We also learned a bit about Jamie’s background and how he originally trained in sound design work when he was in film school before eventually breaking into directing for television, working with legends like Brenda Blethyn on ITV’s Vera. He also shared that he was initially taken aback when he saw that Series 11 was going to center around an ensemble cast—the fam played by Bradley Walsh, Mandip Gill and Tosin Cole. But he learned a lot from the challenge of blocking longer, more cinematic scenes for multiple actors, working with space and depth, so that people moved out of the background and into the foreground to pair off, deliver lines, interact with each other, and then move out again to make way for the next character and the next beat of action.

Some other details he shared:

  • Jodie Whittaker is channelling a lot of her own personality when she plays The Doctor. “That’s really her,” Jamie said. She’s a bundle of energy, loves to talk to everyone, and never gets bored. He joked that sometimes he wants to tell Jodie, “Hey, wait—save some of that energy for the take!”
  • Behind the scenes, Jodie and her co-stars really are the best of friends. They laugh a lot, play games, hang out, and keep each other company during their down time waiting for the next set-up. The on-set camaraderie was one of the things that made Jamie’s time on Doctor Who such a great experience.

As a former film school grad, I loved hearing about other geeky directing details like the experience of shooting with anamorphic lenses and the challenge of shooting on a tight budget in Wales and Sheffield. He said that the new series he’s working on (His Dark Materials, episodes 4, 5, and 6, if I’ve done my research correctly), has about ten times the budget, which is awesome, but certainly has its own share of challenges.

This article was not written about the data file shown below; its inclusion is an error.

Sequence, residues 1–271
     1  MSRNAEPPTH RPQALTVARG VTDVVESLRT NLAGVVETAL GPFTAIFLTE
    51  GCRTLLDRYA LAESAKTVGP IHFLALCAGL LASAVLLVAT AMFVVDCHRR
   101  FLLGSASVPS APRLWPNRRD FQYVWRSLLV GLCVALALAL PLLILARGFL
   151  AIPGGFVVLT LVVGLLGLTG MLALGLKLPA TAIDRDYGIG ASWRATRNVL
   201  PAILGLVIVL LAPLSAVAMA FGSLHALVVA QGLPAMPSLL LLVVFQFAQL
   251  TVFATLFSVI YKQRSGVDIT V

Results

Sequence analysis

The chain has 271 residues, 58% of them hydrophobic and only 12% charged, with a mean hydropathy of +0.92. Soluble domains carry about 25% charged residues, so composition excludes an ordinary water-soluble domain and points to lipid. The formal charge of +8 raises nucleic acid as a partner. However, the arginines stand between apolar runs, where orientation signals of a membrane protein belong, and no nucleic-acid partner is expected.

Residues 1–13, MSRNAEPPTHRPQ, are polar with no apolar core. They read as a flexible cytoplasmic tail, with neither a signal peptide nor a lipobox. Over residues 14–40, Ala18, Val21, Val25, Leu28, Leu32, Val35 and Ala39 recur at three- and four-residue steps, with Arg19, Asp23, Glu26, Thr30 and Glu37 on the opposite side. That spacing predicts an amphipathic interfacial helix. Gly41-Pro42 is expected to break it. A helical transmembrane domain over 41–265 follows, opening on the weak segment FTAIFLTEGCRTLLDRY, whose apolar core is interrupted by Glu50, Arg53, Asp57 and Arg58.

Finally, Jamie shared that Jodie Whittaker and he are both huge film buffs and they had lots of conversations about what kind of tone they wanted for The Doctor and the world she inhabits, referencing directors they admired and scenes and characters from other films. He kept Jodie’s confidence, though, and wouldn’t share any specific titles they talked about. Still, it was fun to hear that they drew upon a common series of references that helped them make connections, flesh out what they wanted to do, and develop a good working relationship with each other.

Honestly, the hour flew by, and before we knew it, the kaffeeklatsch guy was knocking on our door again and telling us it was time to go.

If it’s any consolation, Jamie, you weren’t a zoo animal to us. If anything, this type of event lets you, the fan, drop all pretense and interact with directors, writers, artists, and actors as fellow people without any of the weird transactions that take place at autograph tables. It turned out to be one of the best things I did at Gallifrey One this year, and I’ll be back next year to fight over seats at the table again!

3 Things I Learned at Gallifrey One

I don’t know about you, but it’s hard to be back at work the Monday after Gallifrey One. Sunday I was in a crowded hotel halfway across the country surrounded by Doctor Who fans like myself. We’re talking t-shirts, ribbons, and cosplay, celebrity guests in the halls and at the breakfast table a few seats away, and all of us united—celebrating our love for Doctor Who and the deep roots and connections this program has to our lives.